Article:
Food Allergy Risk Reduction Program

The Learning Early About Peanut Allergy (LEAP) Study demonstrated a dramatic reduction in the rate of peanut allergy among high risk infants by early exposure to peanut. An accompanying editorial describe the results as compelling and recommended that physicians take appropriate action.  At the Dallas Food Allergy Center we have developed the Food Allergy Risk Reduction (FARR) Program modeled on the procedures used in the LEAP study.

What is FARR?

In the FARR program, appropriately selected infants under one year of age who have not had a reaction to the food of concern are skin tested to that food. Infants whose skin test is negative or mildly positive are then challenged with the food (milk, egg or peanut) over a several hour period. If there is no reaction, the parents are instructed to administer the specified quantity of food at least three times a week.

Who should consider FARR?

The LEAP study only enrolled infants who had severe eczema or egg allergy. Such children are those most likely to benefit from FARR. We know, however, that many children with food allergy do not meet those criteria. In an effort to identify who might be a candidate for FARR, we have developed a Food Allergy Risk Reduction Scoring System.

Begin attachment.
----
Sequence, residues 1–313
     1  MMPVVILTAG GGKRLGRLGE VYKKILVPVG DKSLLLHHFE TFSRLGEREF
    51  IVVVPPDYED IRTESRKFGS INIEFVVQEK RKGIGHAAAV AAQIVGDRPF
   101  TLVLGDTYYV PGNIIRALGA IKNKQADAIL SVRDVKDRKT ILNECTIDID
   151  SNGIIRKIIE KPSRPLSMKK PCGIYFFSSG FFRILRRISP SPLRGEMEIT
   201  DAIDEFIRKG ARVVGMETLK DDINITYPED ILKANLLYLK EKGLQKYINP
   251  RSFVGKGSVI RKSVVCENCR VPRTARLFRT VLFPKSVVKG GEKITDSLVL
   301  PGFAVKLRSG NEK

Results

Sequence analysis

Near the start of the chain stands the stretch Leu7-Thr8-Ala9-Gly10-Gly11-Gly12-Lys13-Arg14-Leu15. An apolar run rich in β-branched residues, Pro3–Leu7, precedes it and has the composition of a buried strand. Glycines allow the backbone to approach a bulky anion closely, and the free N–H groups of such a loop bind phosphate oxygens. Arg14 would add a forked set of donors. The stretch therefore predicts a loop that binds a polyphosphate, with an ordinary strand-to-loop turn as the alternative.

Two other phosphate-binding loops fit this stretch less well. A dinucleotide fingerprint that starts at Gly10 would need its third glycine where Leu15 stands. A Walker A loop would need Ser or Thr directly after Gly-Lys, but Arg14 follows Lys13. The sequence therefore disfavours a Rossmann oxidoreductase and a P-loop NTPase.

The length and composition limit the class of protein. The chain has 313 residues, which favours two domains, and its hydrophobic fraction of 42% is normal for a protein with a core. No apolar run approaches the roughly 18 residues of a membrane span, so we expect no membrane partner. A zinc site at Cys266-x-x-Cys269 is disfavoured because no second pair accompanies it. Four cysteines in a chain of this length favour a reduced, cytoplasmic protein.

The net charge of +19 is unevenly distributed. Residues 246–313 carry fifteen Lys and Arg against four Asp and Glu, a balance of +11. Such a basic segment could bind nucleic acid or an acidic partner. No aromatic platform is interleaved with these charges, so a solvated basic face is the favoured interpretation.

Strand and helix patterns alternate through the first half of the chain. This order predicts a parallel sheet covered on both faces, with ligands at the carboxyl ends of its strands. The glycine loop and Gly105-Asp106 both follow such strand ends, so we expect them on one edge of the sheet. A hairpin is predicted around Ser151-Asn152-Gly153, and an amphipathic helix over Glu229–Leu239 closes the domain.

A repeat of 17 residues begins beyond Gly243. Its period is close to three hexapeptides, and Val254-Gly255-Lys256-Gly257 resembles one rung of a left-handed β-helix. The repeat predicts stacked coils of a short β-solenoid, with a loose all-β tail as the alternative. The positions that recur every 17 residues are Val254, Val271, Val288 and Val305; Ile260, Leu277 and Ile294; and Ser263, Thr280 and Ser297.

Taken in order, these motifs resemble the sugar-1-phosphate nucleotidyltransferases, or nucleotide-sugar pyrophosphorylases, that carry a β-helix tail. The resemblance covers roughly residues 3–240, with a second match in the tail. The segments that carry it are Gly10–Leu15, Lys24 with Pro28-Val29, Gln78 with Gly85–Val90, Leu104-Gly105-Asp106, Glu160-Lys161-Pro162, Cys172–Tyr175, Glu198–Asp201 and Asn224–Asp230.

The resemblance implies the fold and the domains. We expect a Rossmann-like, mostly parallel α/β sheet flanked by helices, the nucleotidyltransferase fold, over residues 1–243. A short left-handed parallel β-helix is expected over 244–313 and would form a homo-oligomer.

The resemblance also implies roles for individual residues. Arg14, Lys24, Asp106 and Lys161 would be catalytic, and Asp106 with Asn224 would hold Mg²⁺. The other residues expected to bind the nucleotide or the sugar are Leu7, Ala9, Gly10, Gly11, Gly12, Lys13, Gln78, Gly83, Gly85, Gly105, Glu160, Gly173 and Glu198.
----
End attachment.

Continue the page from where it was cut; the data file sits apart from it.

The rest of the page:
This scoring system is based on an extrapolation from limited data about the risk factors for the development of food allergy. This system reflects our best estimate of the importance of known risk factors but has not been validated by prospective studies. This scoring system is intended to serve as a guide but decisions about FARR should be made in consultation with your allergist.

Risk Factor Points
Eczema prior to age 3 months 10
Severe eczema beginning after 3 months 7
Any eczema 5
History of food allergy 7
Any wheezing illness 3
Sibling or parent with food allergy 3
Family history of atopy but not food allergy 2


Score FARR Recommendation
≥6 Strongly suggest
4-5 Suggest
2-3 Neutral
<2 Not generally recommended

Other factors to consider include a weakly positive blood food allergy test, parental concerns about food allergy and food allergic siblings or other family members in the home.

FARR is not necessary for an infant already eating the food of concern without any adverse reactions. FARR would rarely be appropriate for a child with no personal or family history of allergy. Children with a strongly positive blood food allergy test are not good candidates for FARR.

Interested in learning if FARR is appropriate for your patient or family?

If you are interested in learning more about FARR and if your child is eligible for the program, please contact our office at 972-566-7788. Most insurance policies cover this treatment. We invite you to contact us and find out how we can help your child as well as your whole family live without a fear of food.